Sunday, 3 July 2011

Arne Jacobsen by the side of the road

The summer is here and what a beautiful summer it is turning out to be. Blue skies and sunshine are the order of the day but there is also the feeling that at any moment, the wind will pick up, the clouds gather and a spectacular thunderstorm will pass through the city. Maybe this is why the Danes make the most of every moment of sunny weather. From the minute spring arrived, the covers on the cargo bikes have been peeled back, skin is on show and the parks and beaches are now full. The school year is over and for many this marks the retreat from the city to the summer houses. Those of us remaining in Copenhagen are left with a seemingly endless choice of grassy and sandy picnic spots; indeed, we are spoilt by the number of beaches on our doorstep. Living in Østerbro, when the temperature rises, we jump on the bikes and head off for Klampenborg, Hellerup, Charlottenlund or Swanemøllen. It was on one of our rides up to Klampenborg that I met Arne Jacobsen by the side of the road.

I say 'met' but in truth it was his beautiful petrol station that caught my attention. I had read about it and its iconic mushroom shape but the bright white washed building glistening in the sunshine was something else in reality. Cycling along Strandvejen, the beachside architecture is a constant distraction and as the Klampenborg bay comes into view, there is a sense that one has cycled back in time and I always expect to find the beach awash with 1930s beauties in halter neck polka dot bikinis and sipping 'shakes' and 'sodas'. The whole beachfront vista has a pre-war retro feel to it with the white flat roofed single and two storey buildings that lead to the Bellevue Teatret (also Arne Jacobsen).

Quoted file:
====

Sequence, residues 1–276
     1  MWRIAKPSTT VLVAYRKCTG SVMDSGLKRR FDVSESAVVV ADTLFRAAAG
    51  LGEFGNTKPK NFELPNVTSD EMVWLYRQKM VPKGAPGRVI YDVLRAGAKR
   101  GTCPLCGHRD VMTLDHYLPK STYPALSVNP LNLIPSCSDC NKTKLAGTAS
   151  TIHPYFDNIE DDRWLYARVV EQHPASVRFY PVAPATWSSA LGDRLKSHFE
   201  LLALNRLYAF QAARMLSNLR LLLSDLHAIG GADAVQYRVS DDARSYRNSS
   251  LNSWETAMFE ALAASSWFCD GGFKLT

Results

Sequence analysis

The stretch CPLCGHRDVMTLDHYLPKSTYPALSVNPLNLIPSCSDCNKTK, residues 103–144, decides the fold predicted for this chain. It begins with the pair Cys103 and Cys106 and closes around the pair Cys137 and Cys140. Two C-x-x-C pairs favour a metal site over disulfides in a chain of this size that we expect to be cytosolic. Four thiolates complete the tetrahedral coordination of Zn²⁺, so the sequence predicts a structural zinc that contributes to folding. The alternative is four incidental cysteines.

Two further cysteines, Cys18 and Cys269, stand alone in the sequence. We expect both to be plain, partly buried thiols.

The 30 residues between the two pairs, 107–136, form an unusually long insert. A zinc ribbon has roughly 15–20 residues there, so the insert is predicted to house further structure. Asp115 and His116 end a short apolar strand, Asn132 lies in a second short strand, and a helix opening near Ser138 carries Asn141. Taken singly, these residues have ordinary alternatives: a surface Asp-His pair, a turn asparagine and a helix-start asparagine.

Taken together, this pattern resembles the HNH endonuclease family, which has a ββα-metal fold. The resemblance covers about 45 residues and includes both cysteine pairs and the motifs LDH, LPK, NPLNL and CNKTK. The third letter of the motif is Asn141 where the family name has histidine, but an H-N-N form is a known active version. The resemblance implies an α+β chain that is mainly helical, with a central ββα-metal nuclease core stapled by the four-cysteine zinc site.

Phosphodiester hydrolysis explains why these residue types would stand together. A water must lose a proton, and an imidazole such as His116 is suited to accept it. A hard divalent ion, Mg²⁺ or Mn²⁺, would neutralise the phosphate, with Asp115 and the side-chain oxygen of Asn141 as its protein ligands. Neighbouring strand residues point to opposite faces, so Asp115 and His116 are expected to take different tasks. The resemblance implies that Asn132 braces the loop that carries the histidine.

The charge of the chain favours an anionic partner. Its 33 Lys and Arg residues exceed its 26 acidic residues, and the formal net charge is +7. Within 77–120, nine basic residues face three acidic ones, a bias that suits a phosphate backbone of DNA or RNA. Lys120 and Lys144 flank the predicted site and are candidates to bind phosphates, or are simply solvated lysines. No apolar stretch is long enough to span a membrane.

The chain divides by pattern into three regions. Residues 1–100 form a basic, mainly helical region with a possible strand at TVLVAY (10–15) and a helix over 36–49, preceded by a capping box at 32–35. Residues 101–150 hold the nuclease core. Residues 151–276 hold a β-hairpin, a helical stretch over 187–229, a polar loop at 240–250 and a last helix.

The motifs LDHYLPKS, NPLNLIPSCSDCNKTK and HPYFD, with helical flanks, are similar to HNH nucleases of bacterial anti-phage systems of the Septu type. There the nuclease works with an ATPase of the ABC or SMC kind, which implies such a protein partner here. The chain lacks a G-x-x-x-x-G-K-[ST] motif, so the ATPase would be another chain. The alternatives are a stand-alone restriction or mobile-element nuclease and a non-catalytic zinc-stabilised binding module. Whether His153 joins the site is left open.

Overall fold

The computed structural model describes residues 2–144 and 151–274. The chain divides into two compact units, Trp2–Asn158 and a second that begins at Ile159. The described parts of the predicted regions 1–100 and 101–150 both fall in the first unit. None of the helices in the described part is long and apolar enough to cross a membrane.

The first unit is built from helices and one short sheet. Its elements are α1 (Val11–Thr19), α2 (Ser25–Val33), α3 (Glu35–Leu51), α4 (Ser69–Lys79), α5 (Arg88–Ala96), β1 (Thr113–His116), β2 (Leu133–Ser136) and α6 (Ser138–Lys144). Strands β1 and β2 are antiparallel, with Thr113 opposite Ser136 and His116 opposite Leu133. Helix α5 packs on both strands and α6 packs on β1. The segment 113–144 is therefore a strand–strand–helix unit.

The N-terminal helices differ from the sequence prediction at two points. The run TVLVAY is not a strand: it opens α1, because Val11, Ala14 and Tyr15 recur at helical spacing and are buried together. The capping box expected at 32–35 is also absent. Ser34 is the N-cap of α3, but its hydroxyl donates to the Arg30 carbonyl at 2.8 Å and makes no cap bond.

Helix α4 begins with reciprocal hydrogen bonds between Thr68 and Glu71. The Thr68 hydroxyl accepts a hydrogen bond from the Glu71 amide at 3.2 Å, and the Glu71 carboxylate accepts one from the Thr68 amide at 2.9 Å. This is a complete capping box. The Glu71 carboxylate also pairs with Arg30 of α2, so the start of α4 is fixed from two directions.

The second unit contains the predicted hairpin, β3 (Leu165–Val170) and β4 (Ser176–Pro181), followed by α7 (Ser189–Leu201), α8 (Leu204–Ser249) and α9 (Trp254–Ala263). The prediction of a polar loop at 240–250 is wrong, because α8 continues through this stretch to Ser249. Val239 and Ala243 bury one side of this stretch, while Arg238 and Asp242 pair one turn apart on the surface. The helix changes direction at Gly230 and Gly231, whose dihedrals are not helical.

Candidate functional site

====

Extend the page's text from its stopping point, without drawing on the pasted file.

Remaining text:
The petrol station is like a gateway to this retro world and thank goodness it is now a listed building protected from destruction and redevelopment. Of course, Danish design and architecture are renowned worldwide but it wasn't until I read a little more about Mr Jacobsen that I realised I had already (unknowingly) fallen in love with his work.
For a number of years I attended a law conference at St Catherine's College, Oxford. We stayed in the college accommodation and I always enjoyed the simplicity of the college building; two long rectangular  blocks of student rooms rising to only three storeys in height with two perpendicular blocks of functional rooms - including the JCR and SCR sitting rooms, the dining room, library and lecture hall. In the interior there is a reflection of the building's outer simple and clean form. The lines of the flat roofed box like buildings compliment rather than dominate the beautiful green surroundings. I always thought it must have been a wonderful setting for student life and it turns out that it too was the work of Arne Jacobsen back in 1964. In fact, he won the RIBA bronze medal for it!
As his biographer, Jørgen Kastholm, noted, it must have been a bold move for the master of St Catherine's College to choose a Danish architect and in 1968 he wrote of the college that 'the buildings will age with dignity and thereby create exactly the frame around youth and education which Arne Jacobsen planned'. As a visitor to the college some 40 years later I can say that for me, the college has aged with both dignity and grace. Well into the 'noughties', it appealed to me as a calm but inspirational environment for learning.
And the same can be said for the Skovshoved petrol station completed in the 1930s. Its clean lines and the unique shape of the canopy over the forecourt have made it an icon of the architectural era that it represents. It stands now as a shrine to Arne Jacobsen whose early works dominate the beachfront a little further up the coast. I am thrilled to have stumbled across these two fabulous examples of Danish architecture which appealed to me aesthetically in very distinct and unconnected circumstances. I wonder where I will next bump into Mr Jacobsen now that I'm here in his homeland and my appetite is whetted?


  1. Beautiful pictures! I have never heard of the petrol station, it is stunning! It looks like something out of Miami, rather than Scandinavia!! Hope to see you tomorrow? I will have a little assistant with me also! Emma :)

  2. Thanks, Emma. Won't see you tomorrow as I have the two little people at home and we're heading out to the kids jazz festival. Have fun. Looking forward to seeing the pictures!